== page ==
A special cosmic status for humans and evolution still can’t be married – even if you think atheism is totes cringe

It seemed like there was a brief window where it was okay to get into debates about religion, God, and gods. Those who didn’t care just didn’t care, and those who did care were likely participants in the debates. Maybe this is just a reflection of the fact that I was a frequent participant during this window – perhaps 2003 to 2014 – and so I lacked an outsider’s perspective. Whatever the case, the anti-atheist memes have established a firm foothold in society: Those who argue God doesn’t exist are intellectual circle-jerkers with fedoras, and they should just let the religious live in peace; whatever clashes religious belief has with society at-large should be resolved without attacking the religious beliefs themselves. I suspect it really is the nature of memes that have led to this general view, but I also wonder if part of the reason has to do with the logical extension of common atheist arguments from that window. Specifically, we used to see a push for young Earth creationism in schools and textbooks, often hidden behind the disingenuous argument for ‘intelligent design’. Plenty of people, atheists and theists alike, could get on board with attacking those pushes, and even if the atheistic arguments took swings at all forms of creationism, such arguments weren’t really the focus. It’s easy to support ‘Keep religion out of public schools’ regardless of one’s more cosmic beliefs, but when was the last time that was a pressing issue? Bills occasionally pop up, but they’re usually defeated quickly. There’s no point in allying any longer.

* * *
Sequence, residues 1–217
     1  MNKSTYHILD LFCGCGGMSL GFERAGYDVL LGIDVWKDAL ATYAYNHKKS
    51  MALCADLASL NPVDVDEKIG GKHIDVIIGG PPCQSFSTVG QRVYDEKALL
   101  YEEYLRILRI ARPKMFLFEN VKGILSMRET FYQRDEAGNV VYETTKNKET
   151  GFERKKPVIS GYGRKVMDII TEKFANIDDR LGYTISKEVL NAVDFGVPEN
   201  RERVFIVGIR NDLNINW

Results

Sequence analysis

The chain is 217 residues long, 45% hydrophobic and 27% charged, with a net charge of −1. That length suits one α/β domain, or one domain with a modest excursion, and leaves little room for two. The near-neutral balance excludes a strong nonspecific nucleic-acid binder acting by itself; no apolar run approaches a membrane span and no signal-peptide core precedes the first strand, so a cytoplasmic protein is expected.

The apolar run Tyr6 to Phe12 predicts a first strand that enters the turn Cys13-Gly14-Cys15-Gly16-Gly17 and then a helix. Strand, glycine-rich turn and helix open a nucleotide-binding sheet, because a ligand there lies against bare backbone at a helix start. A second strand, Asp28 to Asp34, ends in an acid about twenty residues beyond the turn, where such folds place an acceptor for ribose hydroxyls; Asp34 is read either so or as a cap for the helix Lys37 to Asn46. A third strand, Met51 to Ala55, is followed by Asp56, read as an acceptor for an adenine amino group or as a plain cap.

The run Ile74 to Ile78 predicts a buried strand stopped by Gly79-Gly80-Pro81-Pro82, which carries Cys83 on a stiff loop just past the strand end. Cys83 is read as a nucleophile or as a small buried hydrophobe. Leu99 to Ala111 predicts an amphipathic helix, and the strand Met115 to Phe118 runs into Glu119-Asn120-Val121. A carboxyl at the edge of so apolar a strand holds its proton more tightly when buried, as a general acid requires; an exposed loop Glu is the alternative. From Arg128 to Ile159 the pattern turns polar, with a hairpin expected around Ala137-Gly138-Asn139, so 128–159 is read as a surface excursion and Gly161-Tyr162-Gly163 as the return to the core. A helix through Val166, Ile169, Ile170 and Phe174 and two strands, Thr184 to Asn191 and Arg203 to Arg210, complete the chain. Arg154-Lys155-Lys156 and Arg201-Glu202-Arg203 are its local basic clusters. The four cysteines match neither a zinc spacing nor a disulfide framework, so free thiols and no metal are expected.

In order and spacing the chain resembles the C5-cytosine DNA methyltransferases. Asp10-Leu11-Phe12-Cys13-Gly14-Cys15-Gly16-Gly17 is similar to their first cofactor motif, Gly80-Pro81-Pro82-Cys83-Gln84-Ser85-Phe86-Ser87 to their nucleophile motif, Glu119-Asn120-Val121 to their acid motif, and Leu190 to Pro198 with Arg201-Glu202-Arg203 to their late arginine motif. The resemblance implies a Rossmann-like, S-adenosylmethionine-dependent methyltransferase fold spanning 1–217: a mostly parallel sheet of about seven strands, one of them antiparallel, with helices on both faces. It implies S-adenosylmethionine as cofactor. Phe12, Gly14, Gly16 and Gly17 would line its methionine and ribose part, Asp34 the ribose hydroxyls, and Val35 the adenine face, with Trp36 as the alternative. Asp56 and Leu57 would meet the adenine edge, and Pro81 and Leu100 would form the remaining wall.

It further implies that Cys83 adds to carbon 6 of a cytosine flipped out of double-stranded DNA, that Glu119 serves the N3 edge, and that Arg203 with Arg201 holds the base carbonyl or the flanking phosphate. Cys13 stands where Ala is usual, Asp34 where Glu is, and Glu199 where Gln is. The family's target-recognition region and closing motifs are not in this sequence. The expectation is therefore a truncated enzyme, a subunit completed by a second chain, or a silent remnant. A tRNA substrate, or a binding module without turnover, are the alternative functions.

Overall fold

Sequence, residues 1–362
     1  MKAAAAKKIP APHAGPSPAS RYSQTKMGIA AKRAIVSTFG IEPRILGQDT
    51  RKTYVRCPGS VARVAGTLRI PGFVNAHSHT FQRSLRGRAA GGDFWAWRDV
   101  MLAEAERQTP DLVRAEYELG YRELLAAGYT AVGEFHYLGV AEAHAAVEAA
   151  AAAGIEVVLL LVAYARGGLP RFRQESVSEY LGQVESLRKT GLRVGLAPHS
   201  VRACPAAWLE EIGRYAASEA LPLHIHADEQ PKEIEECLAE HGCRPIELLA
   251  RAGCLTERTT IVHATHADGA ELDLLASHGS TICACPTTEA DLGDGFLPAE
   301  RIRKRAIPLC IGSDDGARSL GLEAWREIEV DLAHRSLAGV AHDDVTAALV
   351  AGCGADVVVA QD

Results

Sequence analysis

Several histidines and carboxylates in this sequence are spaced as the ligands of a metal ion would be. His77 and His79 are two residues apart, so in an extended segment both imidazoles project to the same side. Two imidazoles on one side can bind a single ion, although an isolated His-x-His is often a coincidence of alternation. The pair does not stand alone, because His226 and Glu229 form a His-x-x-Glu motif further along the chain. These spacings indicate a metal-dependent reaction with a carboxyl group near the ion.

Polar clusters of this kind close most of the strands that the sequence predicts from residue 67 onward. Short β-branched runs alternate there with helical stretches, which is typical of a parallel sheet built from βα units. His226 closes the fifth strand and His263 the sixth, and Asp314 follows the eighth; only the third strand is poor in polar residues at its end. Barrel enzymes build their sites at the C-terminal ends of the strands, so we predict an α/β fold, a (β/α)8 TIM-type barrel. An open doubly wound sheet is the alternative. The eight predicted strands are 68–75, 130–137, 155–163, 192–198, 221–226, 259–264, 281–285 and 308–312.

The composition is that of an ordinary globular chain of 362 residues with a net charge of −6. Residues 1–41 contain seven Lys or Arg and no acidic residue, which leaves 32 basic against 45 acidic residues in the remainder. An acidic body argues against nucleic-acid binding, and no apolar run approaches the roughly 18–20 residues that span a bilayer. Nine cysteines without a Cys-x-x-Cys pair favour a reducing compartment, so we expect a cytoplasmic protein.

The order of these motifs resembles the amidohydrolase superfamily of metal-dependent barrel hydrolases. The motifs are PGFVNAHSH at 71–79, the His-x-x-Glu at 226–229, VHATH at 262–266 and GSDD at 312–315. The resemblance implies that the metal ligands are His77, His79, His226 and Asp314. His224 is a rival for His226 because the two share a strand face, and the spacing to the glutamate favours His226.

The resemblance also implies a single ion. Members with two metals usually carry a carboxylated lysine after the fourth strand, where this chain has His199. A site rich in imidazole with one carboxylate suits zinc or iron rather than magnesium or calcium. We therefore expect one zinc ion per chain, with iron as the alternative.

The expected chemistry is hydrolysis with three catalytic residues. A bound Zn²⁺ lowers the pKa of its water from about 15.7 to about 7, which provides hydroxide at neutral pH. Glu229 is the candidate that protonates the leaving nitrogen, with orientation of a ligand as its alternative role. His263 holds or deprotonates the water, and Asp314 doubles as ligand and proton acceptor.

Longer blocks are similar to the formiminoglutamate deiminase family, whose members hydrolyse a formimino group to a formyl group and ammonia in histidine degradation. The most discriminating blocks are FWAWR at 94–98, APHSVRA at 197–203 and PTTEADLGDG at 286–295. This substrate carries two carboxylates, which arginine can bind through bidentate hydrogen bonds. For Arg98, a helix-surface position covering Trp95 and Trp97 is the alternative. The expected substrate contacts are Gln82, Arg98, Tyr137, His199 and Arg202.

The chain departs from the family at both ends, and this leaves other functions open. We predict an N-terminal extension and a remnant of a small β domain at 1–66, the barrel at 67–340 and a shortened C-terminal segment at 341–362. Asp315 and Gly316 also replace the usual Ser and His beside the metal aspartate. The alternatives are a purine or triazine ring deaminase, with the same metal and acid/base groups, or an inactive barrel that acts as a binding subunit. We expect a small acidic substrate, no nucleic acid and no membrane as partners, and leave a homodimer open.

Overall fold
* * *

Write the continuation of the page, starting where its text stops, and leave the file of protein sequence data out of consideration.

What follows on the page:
I don’t know. That’s probably a stretch. Maybe we can point to the deep rifts in those on the left. One faction wants to get Woke with everything while the other side has stayed focused on the philosophy. (Which, as we all know, makes that other side a bunch of Nazis.) Unfortunately for the Woke, it isn’t honest to be an anti-theist when it comes to Christianity but not Islam or other religions. On the plus side for this group, however, is their utter control over Big Tech. Attacks on Christianity as an institution appear to still be allowed, but the fedora memes folder pops open once the underlying issue of faith is mentioned. We must be careful not to ensnare any (locally) non-dominant group in our criticisms.

Or perhaps it comes down to the fact that people have lost interest in organized religion while organized religions have, non-coincidentally, lost influence, all while people still profess a belief in a higher power. An attack on young Earth creationism may still be seen in a positive light because, well, dinosaurs and humans didn’t exist side-by-side, but an attack on the very idea of an almighty creator isn’t going to fly amongst those who hold such a belief.

Whatever the case, one should not be fooled into thinking arguments against a higher power that cares for humanity have faltered. What was true 10 years ago is true today, even if someone tweets out a totes fire ‘m’lady atheist’ meme. Creationism – whether young or old, whether specific or (intentionally) vague – cannot be married to evolution without a bunch of hand-waving and shoulder-shrugging.